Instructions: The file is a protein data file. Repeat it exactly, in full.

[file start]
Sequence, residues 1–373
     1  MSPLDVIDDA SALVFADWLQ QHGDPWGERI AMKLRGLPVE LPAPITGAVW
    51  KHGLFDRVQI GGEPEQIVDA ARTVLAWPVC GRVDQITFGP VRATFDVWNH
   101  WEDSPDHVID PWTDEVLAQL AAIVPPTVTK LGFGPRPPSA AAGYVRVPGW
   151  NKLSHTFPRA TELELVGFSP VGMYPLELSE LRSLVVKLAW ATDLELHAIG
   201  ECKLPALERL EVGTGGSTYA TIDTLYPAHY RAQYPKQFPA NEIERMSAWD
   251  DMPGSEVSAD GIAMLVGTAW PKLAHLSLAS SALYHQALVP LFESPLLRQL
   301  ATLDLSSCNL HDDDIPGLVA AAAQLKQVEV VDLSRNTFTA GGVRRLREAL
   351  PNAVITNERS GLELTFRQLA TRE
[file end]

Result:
Sequence, residues 1–373
     1  MSPLDVIDDA SALVFADWLQ QHGDPWGERI AMKLRGLPVE LPAPITGAVW
    51  KHGLFDRVQI GGEPEQIVDA ARTVLAWPVC GRVDQITFGP VRATFDVWNH
   101  WEDSPDHVID PWTDEVLAQL AAIVPPTVTK LGFGPRPPSA AAGYVRVPGW
   151  NKLSHTFPRA TELELVGFSP VGMYPLELSE LRSLVVKLAW ATDLELHAIG
   201  ECKLPALERL EVGTGGSTYA TIDTLYPAHY RAQYPKQFPA NEIERMSAWD
   251  DMPGSEVSAD GIAMLVGTAW PKLAHLSLAS SALYHQALVP LFESPLLRQL
   301  ATLDLSSCNL HDDDIPGLVA AAAQLKQVEV VDLSRNTFTA GGVRRLREAL
   351  PNAVITNERS GLELTFRQLA TRE